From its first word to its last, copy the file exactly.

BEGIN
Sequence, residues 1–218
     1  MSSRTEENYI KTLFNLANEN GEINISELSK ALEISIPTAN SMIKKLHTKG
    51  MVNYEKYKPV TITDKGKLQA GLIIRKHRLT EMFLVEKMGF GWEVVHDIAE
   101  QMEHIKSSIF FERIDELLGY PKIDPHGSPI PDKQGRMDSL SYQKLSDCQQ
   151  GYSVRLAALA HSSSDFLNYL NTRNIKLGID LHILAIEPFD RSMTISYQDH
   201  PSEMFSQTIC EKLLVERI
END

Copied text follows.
Sequence, residues 1–218
     1  MSSRTEENYI KTLFNLANEN GEINISELSK ALEISIPTAN SMIKKLHTKG
    51  MVNYEKYKPV TITDKGKLQA GLIIRKHRLT EMFLVEKMGF GWEVVHDIAE
   101  QMEHIKSSIF FERIDELLGY PKIDPHGSPI PDKQGRMDSL SYQKLSDCQQ
   151  GYSVRLAALA HSSSDFLNYL NTRNIKLGID LHILAIEPFD RSMTISYQDH
   201  PSEMFSQTIC EKLLVERI